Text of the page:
The World Health Organization says that MERS, the potentially fatal respiratory illness that originated in the Middle East, does not constitute a global health emergency — yet. But that does not mean that it’s not taking the disease seriously.
So far, MERS has been found in 18 countries, including two cases in the United States, and has killed 171 of the 571 people it has infected.
In the U.S., health care workers are being told to ask patients with respiratory symptoms and fever where they’ve traveled, and in some cases those patients are being isolated from others.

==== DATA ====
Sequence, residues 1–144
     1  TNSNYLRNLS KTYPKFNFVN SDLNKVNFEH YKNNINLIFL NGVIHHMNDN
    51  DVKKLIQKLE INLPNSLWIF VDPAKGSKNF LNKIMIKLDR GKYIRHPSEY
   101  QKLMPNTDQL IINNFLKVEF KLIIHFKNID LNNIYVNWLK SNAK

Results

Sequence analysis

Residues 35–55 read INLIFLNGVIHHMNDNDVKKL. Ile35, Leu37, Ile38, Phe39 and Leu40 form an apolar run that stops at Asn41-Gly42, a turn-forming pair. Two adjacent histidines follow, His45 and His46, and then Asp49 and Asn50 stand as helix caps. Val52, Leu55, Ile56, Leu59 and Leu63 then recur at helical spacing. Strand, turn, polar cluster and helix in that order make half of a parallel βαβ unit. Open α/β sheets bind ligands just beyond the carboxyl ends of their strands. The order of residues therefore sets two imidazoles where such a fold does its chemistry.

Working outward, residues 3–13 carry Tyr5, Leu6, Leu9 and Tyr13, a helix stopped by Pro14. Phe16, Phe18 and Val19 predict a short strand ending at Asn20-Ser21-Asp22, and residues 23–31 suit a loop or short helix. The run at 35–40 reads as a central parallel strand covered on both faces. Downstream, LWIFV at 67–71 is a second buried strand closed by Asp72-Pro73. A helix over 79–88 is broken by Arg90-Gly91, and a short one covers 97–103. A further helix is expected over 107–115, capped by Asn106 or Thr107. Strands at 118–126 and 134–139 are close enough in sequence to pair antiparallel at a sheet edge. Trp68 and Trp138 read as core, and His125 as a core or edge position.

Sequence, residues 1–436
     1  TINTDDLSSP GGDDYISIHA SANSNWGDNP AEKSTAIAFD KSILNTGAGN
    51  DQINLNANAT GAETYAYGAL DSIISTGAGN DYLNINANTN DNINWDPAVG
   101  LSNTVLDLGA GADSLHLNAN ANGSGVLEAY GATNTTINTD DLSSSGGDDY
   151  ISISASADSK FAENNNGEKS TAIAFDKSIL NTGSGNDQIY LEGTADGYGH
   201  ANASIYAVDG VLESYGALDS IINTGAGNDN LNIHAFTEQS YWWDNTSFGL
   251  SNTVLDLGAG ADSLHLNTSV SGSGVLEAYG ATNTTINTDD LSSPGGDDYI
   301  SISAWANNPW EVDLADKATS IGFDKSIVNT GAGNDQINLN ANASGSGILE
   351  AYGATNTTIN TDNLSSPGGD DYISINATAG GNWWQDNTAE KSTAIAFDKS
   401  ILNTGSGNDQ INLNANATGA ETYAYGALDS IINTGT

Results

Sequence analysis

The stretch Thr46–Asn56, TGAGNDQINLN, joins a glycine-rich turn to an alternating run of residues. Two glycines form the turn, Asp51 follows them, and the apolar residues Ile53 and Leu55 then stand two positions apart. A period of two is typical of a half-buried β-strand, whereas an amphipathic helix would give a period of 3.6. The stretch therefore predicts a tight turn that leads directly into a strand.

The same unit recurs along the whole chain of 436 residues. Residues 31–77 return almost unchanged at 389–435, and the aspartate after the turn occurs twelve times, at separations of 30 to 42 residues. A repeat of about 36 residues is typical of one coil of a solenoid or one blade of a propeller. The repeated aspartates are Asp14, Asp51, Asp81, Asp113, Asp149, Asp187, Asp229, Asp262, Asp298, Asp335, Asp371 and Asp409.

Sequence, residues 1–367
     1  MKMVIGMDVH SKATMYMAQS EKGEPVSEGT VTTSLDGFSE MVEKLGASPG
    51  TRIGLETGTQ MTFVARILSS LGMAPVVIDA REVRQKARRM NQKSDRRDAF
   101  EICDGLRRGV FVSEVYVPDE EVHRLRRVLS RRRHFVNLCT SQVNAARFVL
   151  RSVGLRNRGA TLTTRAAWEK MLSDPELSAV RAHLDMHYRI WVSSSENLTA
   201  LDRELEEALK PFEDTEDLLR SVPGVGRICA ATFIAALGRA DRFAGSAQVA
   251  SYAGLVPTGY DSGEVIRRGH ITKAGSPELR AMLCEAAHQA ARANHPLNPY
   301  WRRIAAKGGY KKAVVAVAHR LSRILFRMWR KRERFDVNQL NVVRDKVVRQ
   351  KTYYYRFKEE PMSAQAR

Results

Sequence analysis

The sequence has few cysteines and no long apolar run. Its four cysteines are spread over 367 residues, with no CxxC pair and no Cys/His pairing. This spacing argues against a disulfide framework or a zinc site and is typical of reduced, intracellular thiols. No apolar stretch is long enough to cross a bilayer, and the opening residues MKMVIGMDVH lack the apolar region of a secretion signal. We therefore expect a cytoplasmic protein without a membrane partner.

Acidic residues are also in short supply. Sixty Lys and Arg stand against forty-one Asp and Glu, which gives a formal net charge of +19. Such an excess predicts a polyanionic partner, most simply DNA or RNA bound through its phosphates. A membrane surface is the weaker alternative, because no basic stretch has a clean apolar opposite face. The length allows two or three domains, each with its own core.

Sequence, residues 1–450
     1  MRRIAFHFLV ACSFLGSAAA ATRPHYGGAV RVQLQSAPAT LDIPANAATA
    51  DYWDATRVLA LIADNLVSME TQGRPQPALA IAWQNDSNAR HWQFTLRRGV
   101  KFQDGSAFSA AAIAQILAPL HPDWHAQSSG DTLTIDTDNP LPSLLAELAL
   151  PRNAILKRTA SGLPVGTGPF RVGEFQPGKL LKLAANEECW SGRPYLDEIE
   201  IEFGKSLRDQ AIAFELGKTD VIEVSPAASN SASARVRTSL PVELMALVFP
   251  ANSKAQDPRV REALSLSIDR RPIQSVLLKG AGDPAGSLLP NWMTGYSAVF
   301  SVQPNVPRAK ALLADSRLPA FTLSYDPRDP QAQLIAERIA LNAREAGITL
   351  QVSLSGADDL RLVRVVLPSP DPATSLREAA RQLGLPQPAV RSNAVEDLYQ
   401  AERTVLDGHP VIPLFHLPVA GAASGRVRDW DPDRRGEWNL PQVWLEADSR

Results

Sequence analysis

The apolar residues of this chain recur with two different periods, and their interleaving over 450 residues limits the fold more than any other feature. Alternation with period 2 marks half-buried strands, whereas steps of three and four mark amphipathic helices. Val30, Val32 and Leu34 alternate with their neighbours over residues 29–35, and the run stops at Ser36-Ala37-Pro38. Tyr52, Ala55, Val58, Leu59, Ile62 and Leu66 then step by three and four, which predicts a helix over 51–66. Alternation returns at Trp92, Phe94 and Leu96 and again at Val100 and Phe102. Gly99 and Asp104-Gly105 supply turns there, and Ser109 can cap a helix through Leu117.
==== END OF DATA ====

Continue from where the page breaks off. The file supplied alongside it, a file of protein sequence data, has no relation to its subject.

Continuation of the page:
The outbreak of a previously unknown disease raises questions for travelers and health care workers and leaves many wondering whether they’re at risk of unintentional exposure.
For answers, Here & Now’s Sacha Pfeiffer turns to Dr. David Swerdlow, head of response activities for MERS at the Centers for Disease Control in Atlanta.
- David Swerdlow, MD, head of response activities for MERS at the Centers for Disease Control.